Scientists make guess about origins of Pluto’s nitrogen sea

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Garbage in, garbage out: Scientists have written a computer model that supposedly tells them how Pluto’s thick heart-shaped glacier packed ocean of nitrogen and carbon monoxide formed.

[T]o find out how the glaciers formed in the first place, scientists created models that simulated atmospheric circulation on the dwarf planet for the last 50,000 years (a mere 200 orbits around the sun for Pluto). At the beginning of the simulations, the researchers gave Pluto a planet-wide veneer of nitrogen, carbon monoxide, and methane ices a few millimeters thick; then, the planet’s surface and atmosphere evolved as the icy orb passed through orbit after orbit. If Pluto were a completely smooth sphere, it would have either a permanent swath of nitrogen ice at the equator or seasonal snow caps at its poles. But that’s not what the planet looks like today. When researchers added realistic topography to the model, including the 4-kilometer-deep Sputnik Planum and two other large craters, the basin gradually trapped Pluto’s nitrogen, carbon monoxide, and much of its methane, the researchers report online today in Nature.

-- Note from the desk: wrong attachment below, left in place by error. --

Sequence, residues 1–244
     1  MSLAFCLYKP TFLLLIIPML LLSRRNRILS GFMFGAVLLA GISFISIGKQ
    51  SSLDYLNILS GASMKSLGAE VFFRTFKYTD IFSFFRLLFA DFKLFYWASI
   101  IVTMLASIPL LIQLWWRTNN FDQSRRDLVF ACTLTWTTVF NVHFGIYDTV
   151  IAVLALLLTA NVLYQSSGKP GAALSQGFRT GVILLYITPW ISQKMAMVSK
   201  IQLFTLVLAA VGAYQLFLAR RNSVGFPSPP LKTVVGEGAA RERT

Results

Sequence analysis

While the computer model here can help planetary scientists better understand how Pluto might have evolved, to use it to draw any conclusions about Pluto’s geological history is absurd. Scientist have no idea what Pluto was like 50,000 years ago. Heck, we don’t even know what half the planet looks like now.

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